|Mercer County Central Labor Council, AFL-CIO|
Mercer Country Central Labor Council Officers
Mercer County Central Labor Council Officers are at your beckon call. Below is a list of our offcers:
Presdient Andrew Harkulich USW 1660
Vice Presdient Doug Robbins IBT 261
Financial Secretary Anna Rickert USW 5306 724~253~4842
Treasurer Todd Clary USW1016
Recording Secetary Bob Buckley IBT 261
Trustee Dominic Vadala USW~SOAR
Trustee Sam Shilling UBC 268
Trustee Frank Thompson USW 1660
Trustee Gerard Handley USW 5306
Trustee Mike Kalpich PSEA Sharpsville
Sergeant of Arms Dick Glavey USW 5306
Rana Plaza, the Bangladesh factory that collapsed three weeks ago, killed more than 1,100 workers, many of them young women. This tragedy adds to the more than 1500 Bangladeshi workers killed in preventable fires and building collapses since 2005. Documents found at the factory show that the workers produced for big names in global retail revealing the link between poor workers in Bangladesh and major retail brands.Obviously, the government must improve local laws and their enforcement to stop these tragedies, but brands must also take responsibility for their supply chains. They must be held accountable to the tragedy that happened in their supply chain. Read more >>>
Marcus Hedger will have to wait even longer to get his job back if Senate Republicans continue to block President Obama’s bipartisan nominees to serve on the National Labor Relations Board (NLRB). Call your senators toll free at 1-888-264-6154 and tell them to confirm the board nominations now. Hedger was illegally fired in 2010 from his pressman’s job at an Illinois printing company for his union activities on behalf of his fellow union members in the Graphic Communications Conference of the Teamsters. Last September, the full NLRB—two Democrats and one Republican, at the time—ruled he should get his job back with back pay. Read more >>>
Most voters agree that big corporations and the wealthy should start paying their fair share in taxes. But, of course, big corporations and the wealthy don’t want to do that. They want to pay less, and they are used to getting their way. So what do you do? Some people in Washington think the answer is a “grand bargain.” In a “grand bargain,” Republicans agree to stop protecting millionaires from having to pay a single penny more in taxes. In return, Democrats agree to cut Social Security, Medicaid and Medicare benefits. Read more >>>
Q&A with Saru Jayaraman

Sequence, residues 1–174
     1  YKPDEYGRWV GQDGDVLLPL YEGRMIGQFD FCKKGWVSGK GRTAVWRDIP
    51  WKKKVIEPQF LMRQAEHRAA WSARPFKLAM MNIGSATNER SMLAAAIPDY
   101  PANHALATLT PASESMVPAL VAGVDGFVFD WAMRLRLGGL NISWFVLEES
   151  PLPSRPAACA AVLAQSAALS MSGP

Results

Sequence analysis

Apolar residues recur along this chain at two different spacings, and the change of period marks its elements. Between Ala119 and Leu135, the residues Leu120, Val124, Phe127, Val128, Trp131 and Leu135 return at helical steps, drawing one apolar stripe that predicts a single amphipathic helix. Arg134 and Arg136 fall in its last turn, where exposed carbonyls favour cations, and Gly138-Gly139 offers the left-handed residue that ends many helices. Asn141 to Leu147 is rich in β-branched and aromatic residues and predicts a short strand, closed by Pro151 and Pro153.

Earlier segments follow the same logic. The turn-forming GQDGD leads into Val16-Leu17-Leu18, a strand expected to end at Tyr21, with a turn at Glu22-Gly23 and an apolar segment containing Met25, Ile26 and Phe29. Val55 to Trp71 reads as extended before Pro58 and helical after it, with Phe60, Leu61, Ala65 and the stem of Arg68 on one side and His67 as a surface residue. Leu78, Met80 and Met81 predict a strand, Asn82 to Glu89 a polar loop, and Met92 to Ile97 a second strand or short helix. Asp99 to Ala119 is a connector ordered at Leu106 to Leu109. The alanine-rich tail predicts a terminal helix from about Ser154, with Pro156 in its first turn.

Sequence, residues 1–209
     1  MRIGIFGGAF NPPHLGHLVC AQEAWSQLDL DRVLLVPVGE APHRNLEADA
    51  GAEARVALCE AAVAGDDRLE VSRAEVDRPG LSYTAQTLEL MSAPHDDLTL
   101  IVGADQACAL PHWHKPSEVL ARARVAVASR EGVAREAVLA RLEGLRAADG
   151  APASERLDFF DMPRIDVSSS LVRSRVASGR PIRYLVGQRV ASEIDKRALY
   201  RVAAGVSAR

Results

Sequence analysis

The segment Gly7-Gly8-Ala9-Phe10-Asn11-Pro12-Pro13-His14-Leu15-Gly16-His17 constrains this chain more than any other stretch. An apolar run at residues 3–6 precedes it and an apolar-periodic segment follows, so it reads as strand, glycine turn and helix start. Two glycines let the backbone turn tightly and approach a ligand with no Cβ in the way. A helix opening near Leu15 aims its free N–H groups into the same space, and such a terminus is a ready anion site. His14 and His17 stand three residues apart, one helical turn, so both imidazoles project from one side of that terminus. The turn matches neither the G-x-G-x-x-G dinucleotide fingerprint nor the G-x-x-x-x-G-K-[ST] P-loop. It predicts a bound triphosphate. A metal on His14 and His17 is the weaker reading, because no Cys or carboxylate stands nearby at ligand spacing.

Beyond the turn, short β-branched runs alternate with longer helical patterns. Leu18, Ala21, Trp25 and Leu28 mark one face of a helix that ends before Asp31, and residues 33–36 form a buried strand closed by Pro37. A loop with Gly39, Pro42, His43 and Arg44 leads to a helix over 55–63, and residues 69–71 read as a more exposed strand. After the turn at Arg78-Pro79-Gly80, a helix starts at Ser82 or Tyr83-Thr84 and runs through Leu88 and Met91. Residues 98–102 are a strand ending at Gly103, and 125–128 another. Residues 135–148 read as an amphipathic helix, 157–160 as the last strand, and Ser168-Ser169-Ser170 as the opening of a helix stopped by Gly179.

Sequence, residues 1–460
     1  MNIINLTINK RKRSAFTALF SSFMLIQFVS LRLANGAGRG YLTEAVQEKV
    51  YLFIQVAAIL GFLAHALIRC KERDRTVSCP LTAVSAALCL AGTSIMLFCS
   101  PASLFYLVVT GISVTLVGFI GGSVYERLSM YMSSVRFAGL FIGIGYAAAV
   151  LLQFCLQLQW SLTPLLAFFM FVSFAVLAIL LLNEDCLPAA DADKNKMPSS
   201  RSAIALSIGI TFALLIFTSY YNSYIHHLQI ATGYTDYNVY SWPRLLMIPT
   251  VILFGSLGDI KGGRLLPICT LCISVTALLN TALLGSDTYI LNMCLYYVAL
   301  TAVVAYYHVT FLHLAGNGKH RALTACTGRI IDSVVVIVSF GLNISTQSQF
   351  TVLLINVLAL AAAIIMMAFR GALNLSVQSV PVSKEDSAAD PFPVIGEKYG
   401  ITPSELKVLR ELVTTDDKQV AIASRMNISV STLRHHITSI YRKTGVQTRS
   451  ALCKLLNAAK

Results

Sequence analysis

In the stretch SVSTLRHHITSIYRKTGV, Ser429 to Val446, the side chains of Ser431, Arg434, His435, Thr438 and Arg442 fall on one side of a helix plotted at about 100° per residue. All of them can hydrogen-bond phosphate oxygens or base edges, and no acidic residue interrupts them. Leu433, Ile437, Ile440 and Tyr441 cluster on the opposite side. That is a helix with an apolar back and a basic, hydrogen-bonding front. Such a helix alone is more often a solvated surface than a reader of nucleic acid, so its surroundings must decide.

The partition that separates diners from the inner workings of the restaurant industry toppled for Saru Jayaraman shortly after the Sept. 11, 2001, attacks. Fekkak Mamdouh, one of the headwaiters of the restaurant housed on the top floor of the World Trade Center, approached Jayaraman seven months after the attacks. His former boss deemed him and his former crew “not experienced enough” to work in his new Times Square restaurant. Jayaraman, a 27-year-old organizer of immigrant women, took up the case to advocate for the displaced workers, organized protests and won—most of the workers were awarded the good jobs their former boss promised.
Jayaraman and Mamdouh formed Restaurant Opportunities Centers (ROC) United in April 2002 and were flooded with stories of workplace atrocities in New York City and, eventually, across the country. We spoke with Jayaraman earlier this month about her new book on the ills of the restaurant industry, Behind the Kitchen Door.
For Lapronda Eason and the other building service workers at the Smithsonian Museum of American History, the link to Dr. Martin Luther King, Jr.--who died in Memphis in 1968 advocating for the rights of city sanitation workers to form a union--is as real as the job they do every day.
Read more >>>
The time for immigration reform is now, says AFL-CIO President Richard Trumka. This will be a focus for labor in 2013 as the country needs to create a common-sense immigration process with a road map to citizenship. Read more >>>
A little rain never hurt anybody and it certainly didn't stop hundreds of Pennsylvania voters from getting their voter IDs today at the Driver & Vehicle Services office in the Oxford Levick Shopping Center in Pittsburgh.
Pennsylvania voters who need IDs—thanks to a new state law that disenfranchises hundreds of thousands of Pennsylvania residents, including civic-minded seniors— were assisted by representatives from the NFL Players Association (NFLPA), along with the Pennsylvania AFL-CIO and various community groups. Because of the new law, Pennsylvania state officials say that more than 785,000 voters don’t have a state-issued photo identification.Read more >>>
Mercer County Central Labor Council Meetings
The Mercer County Central Labor Council Meetings are where the leaders and activists in our region, meet, share ideas, issues and concerns as they network and plan actions in Solidarity. The members of the Executive Board extend a warm welcome to all.
Our meetings are:
The Central Labor Council is the grassroots level of the AFL-CIO (organized labor). When we work together we win. We look forward to seeing you at our next meeting.
Mercer County Central Labor Council Web Site inow has two webmasters they are:
Presdient Andrew Harkulich
Financial Seretary Anne Rickert
One of our goals is to assist local affiliates, if your local has any announcements, events, issuses, or action that we can publish on this web site please let us know. Send infomation to email@example.com
We Need To Organize A New Generation of Workers
This information came from Don Siegel of IBEW, which he recently sent to his members, I have taken the liberty to edit it to be more inclusive to the entire labor movement.
AFL-CIO Now Blog -- Recent News Stories
© AFL-CIO. All rights reserved.
Photographs and illustrations, as well as text, cannot be used without permission from the AFL-CIO.